with hot bacon dressing
specialty of the Pennsylvania Dutch
was a surprise and a delight.
Yet I dug them steadily
from yard and garden
habits strong
virtue and vigilance combined.

A country relative
brings a dandelion green
salad for Easter.
Weeding his garden
he found so many
he couldn’t resist.
It was a labor of love, he said
all that washing.

As I savor
the sharp taste
I give thanks
for this love of a weed.

Imagine:  A new economy is possible!
Participatory budgeting

The Brazilian city of Porto Alegre started the first full participatory budgeting process in 1989. In Porto Alegre, as many as 50,000 people have participated each year, to decide as much as 20% of the city budget. Since then, participatory budgeting has spread to over 1,500 cities in Latin America, North America, Asia, Africa, and Europe. In the US and Canada, it has been used in Toronto, Montreal, Guelph, Chicago, New York City, and Vallejo (California).

While participatory budgeting doesn’t change economic structures, it facilitates grassroots democratic decision-making, over the design of the budgeting process; what proposals go on the ballot; and what gets funded.  It changes how government works and how people can engage in democracy, by crafting processes that build individuals’ skills and knowledge; bringing neighbors together across divides; and connecting residents, experts, and officials, to make better decisions together.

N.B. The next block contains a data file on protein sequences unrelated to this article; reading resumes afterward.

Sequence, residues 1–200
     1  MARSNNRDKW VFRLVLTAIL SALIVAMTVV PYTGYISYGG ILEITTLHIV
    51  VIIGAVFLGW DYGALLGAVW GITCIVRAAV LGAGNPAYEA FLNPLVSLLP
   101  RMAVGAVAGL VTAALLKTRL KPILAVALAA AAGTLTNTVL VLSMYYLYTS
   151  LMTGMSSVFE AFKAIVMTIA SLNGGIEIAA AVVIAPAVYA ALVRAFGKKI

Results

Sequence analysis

Some things that have made me hopeful recently

A small town in western Pennsylvania that has legalized civil disobedience in its fight against fracking.

The new Muslim mayor of London, Sadiq Khan, who ran a campaign on bread and butter issues and working together, and beat a candidate who tried to raise fears of Muslim extremism.

Black farmers, from farms in the south to cities in the north and everywhere in between, who are reclaiming the positive values of their connection to the land.   (See  video on Soul Fire Farm at, or check out this Facebook page: )

The recent White Privilege Conference, held in Philadelphia, where 2000 people wrestled with hard issues and didn’t give up.

More resources

Resource from my friend Daniel Hunter, Building a Movement to End the New Jim Crow; An Organizing Guide.

Recent posts on other web/blog sites:

In, Pamela Haines locates her family's homey DIY celebrations on a class spectrum of different connections to upward mobility.


Muscle Building for Peace and Justice; a Non-Violent Workout Routine for the 21st Century--an integration of much of my experience and thinking over the years:  (or just google the title), a website that I've contributed to often (check the archives), a home for all the parenting writing I've done over the past 20 years.  NOTE THE NEW URL. START: a way to study and work together with others to create a better world.

For earlier columns, go to  I'm currently posting at

Pamela Haines

To be truly radical is to make hope possible rather than despair convincing.
Pamela Haines

To be truly radical is to make hope possible rather than despair convincing.

Pamela Haines

To be truly radical is to make hope possible rather than despair convincing.